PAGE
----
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We’ve come to a general consensus in this country that alcoholism is a disease, an affliction that affects millions of people from all walks of life.

According to a 2015 survey from the National Institute on Alcohol Abuse and Alcoholism, 26.9 percent of respondents, age 18 and older, reported that they had engaged in binge drinking within the past month, and 7 percent said they had engaged in “heavy alcohol use.” The institute defines binge drinking as “a pattern of drinking that brings blood-alcohol concentration levels to 0.08 (percent), and heavy alcohol use as “binge drinking on five of more days in the past month.”

The reason we’re writing about this issue is the recent DUI arrest of Washington Councilman Matt Staniszewski. It marked the fourth time he has been accused of that offense in the past 15 years.

According to city police, the incident on Monday went down like this:

Staniszewski was found unconscious in his vehicle on East Wheeling Street, near its intersection with Shaffer Avenue, shortly after 1 p.m. His car was sitting cockeyed on the right side of the road, blocking traffic.

When police approached the vehicle, they spotted a mini-bottle of liquor on the floor. When they roused Staniszewski and asked for his driver’s license, he gave them his American Express card. He was again asked for his driver’s license.

“He appeared confused, then showed me his gold ‘Councilman, City of Washington’ badge, and handed me his whole wallet, where I was able to locate his driver’s license immediately,” an officer wrote in a report.

An officer asked Staniszewski if he was OK, and he just stared back. Police said his eyes were glassy and bloodshot.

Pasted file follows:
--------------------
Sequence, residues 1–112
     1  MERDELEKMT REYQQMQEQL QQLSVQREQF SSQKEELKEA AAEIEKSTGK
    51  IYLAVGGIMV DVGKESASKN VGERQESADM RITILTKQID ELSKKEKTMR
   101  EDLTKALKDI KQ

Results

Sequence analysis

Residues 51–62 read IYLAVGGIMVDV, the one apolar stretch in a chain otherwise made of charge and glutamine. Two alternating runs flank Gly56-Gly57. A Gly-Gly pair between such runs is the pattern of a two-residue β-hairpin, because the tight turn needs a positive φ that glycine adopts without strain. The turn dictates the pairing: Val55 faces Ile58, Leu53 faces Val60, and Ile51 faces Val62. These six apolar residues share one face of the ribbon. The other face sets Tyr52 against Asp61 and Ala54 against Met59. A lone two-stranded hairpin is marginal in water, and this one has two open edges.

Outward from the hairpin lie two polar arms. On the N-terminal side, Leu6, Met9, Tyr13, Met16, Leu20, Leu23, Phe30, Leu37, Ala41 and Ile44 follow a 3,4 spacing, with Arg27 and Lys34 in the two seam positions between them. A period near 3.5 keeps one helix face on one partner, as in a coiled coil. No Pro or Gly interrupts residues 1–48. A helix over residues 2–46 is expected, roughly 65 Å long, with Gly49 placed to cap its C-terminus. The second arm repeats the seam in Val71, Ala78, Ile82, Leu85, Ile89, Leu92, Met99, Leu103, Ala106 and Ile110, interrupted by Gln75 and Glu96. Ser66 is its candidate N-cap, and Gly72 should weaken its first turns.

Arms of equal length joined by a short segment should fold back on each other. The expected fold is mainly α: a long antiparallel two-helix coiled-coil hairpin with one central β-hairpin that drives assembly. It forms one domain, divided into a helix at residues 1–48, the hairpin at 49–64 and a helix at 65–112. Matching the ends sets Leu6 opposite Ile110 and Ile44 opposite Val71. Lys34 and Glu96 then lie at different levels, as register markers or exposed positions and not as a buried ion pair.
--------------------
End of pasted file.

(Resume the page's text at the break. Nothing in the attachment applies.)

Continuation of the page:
Officers said the councilman ignored several commands to get out of his vehicle, but eventually complied. He needed assistance to walk and was placed under arrest. Police said they did not perform a field-sobriety test because they feared Staniszewski might fall and injure himself.

In a search of Staniszewski’s vehicle, police said they found four empty mini-bottles of vodka in a Burger King bag, and one full bottle.

Police said Staniszewski refused to submit to a blood test.

Like any other person accused of a crime, Staniszewski is innocent until proven guilty.

His attorney, Sean Logue, said, “Matt is a longtime public servant, and we look forward to working within the court system to address his problems and come to a just outcome.”

When asked if Staniszewski would resign from council, Logue said “that decision will be something that he’ll look at.”

We would hope that Staniszewski, if he truly cares about public service, will recognize that he no longer can serve effectively on council and has embarrassed the city repeatedly. In other words, enough is enough.

There is no shame in battling an addiction to alcohol. Some people need to seek help repeatedly before they beat the addiction. Sadly, some people never do.

But there is a problem – a big problem – when people drink to excess and get behind the wheel of a vehicle. Putting the lives of other people in jeopardy is clearly unacceptable, and people must be held accountable when they do so. People who hold positions of public trust are held to an ever higher standard, so if Staniszewski is guilty of this offense, again, he should resign.

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